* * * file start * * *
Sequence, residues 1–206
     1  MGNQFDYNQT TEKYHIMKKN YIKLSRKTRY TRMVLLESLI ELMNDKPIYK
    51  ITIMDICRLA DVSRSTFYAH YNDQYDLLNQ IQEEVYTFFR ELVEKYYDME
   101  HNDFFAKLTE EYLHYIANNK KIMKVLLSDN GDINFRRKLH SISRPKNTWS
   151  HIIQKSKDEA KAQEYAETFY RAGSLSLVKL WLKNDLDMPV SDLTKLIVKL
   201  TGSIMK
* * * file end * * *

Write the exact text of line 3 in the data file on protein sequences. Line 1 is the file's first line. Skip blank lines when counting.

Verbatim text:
    51  ITIMDICRLA DVSRSTFYAH YNDQYDLLNQ IQEEVYTFFR ELVEKYYDME